Choose a project from this list. There are two lists, one for GSoC and another with non-coding tasks that can be only offered by the OPW. Those lists may change and add or remove more projects in the next few weeks.
Make a small contribution to Debian. Projects will add a task the applicant must complete as part of the pre-selection process. If no task is provided, you are welcome to ask the mentors of the project. You can also make a different extra task of the one listed to show your skills and interest.
Create a page in the Debian wiki with your application. You can do so under pseudonym, but in that case, please give us information about yourself privately by email to the coordinators listed in the Debian OPW page!
We are pleased to announce the 15th annual Debian Conference (DebConf14) is to be held in Portland, Oregon, USA in August 2014, with specific dates yet to be announced.
Portland is an open source hotspot in the Pacific Northwest of the US. It is a technologically savvy community, home to Intel and the adopted home of Linus Torvalds. The city plays host to many Free Software conferences including OSCON, and is where Linux Plumbers originated.
The local team has been involved in mulitple DebConfs in the past, and is excited to bring their experience and ideas to fruition in a city well-positioned to host such a prestigious event.
I look after a bunch of servers, working for Bytemark that is not a surprise, but I only touch a very small number of desktop systems.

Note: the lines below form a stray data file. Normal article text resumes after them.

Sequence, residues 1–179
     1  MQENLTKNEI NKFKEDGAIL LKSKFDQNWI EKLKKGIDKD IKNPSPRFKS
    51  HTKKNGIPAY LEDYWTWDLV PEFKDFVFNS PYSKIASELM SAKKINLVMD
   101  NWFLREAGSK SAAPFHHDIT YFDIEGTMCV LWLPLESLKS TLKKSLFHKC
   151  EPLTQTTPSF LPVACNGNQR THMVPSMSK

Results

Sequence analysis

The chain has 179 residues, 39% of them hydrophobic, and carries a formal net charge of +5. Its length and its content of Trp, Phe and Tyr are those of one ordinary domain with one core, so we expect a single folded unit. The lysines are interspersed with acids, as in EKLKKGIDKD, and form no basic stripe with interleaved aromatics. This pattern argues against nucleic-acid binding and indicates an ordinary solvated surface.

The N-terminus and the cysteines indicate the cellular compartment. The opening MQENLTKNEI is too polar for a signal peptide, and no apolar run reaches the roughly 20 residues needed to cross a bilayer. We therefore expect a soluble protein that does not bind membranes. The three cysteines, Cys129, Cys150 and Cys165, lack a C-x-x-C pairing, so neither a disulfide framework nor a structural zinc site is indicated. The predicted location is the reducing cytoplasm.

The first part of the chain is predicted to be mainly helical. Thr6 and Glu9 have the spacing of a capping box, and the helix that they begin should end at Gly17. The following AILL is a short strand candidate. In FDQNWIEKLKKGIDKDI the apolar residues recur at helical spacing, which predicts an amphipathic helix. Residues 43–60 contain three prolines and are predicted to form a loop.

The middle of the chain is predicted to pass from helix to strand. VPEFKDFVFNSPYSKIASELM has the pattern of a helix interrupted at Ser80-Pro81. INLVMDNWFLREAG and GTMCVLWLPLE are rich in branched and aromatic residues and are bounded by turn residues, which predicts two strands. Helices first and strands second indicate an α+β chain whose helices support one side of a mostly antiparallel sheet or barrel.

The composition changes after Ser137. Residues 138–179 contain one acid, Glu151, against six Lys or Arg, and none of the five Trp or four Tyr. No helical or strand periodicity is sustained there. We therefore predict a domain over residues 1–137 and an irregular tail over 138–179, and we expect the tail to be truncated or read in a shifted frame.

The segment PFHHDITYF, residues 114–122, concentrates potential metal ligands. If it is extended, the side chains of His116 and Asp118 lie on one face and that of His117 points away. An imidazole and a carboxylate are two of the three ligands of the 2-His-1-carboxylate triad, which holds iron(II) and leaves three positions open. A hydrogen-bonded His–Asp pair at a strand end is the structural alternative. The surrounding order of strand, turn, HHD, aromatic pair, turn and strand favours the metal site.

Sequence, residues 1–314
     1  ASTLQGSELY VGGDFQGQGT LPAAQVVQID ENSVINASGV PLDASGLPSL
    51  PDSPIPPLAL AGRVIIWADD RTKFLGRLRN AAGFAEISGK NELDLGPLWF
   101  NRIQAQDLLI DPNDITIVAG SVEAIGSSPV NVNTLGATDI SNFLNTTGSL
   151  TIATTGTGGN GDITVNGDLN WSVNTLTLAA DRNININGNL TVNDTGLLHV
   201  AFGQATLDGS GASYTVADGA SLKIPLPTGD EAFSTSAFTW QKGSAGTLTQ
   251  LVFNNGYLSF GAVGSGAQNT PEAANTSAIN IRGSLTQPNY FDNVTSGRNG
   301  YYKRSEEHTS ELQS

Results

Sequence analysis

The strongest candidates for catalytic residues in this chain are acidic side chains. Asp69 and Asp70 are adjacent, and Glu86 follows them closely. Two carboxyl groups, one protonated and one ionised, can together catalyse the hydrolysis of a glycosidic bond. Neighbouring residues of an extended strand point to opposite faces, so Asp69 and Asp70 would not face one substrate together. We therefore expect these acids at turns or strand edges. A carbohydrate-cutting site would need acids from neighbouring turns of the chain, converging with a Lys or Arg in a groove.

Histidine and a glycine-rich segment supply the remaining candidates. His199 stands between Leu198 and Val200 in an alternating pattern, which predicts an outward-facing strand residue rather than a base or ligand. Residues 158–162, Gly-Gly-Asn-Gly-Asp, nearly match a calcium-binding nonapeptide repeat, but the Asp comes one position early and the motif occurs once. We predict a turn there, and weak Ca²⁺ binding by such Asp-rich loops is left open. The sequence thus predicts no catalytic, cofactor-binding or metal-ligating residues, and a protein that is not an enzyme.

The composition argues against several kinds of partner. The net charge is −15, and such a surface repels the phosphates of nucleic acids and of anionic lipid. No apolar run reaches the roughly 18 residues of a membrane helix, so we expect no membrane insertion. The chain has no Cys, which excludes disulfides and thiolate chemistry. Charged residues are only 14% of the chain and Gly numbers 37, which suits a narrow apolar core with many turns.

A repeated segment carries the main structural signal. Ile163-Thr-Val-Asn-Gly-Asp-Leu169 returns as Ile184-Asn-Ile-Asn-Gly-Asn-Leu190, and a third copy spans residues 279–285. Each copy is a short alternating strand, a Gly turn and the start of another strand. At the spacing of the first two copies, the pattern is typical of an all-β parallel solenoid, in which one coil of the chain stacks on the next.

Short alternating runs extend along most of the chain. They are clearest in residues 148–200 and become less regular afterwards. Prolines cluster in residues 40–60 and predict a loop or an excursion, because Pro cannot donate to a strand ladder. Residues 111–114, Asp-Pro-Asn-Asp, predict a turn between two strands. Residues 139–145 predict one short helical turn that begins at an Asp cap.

This is the machine upon which I develop, check my personal mail, play my music & etc.
To keep the working from home separation going I have a machine I only use for work purposes.
I have two EEPC machines, a personal 701 and a work-provided 901.
Honestly these rarely get used. One is for when I'm on holiday or traveling, the second for when I'm on-call.
Yesterday I got round to upgrading both the toy EEPC machines to wheezy. The good news? Both of them upgraded/reinstalled easily. Hardware was all detected, sleeping, hibernation, wifi, etc all "just worked".
Unfortunately I am now running GNOME 3.x and the experience is unpleasant. This is a shame, because I've enjoyed GNOME 2.x & bluetile for the past few years.
The only other concern is that pwsafe appears to be scheduled for removal from Debian GNU/Linux - the list of open bugs shows some cause, but there are bugs there that are trivial to fix.
For the moment I've rebuilt the package and if I cannot find a suitable alternative - available for squeeze and wheezy - then I will host the package on my package repository.
In conclusion: Debian, you did good. GNOME, I've loved and appreciated you for years, but you might not be the desktop I want these days. It's not you, it's me.
Thanks to a generous donation by Bytemark Hosting, Debian started deploying machines for its core infrastructure services in a new data center in York, UK.
This hardware and hosting donation will allow the Debian Systems Administration (DSA) team to distribute Debian's core services across a greater number of geographically diverse locations, and improve, in particular, the fault-tolerance and availability of end-user facing services. Additionally, the storage component of this donation will dramatically reduce the storage challenges that Debian currently faces.
and several HP Modular Storage Arrays:
with 108 drive bays in total, mostly 500GB SATA drives, some 2TB, some 600GB 15kRPM SAS, providing a total of 57 TB.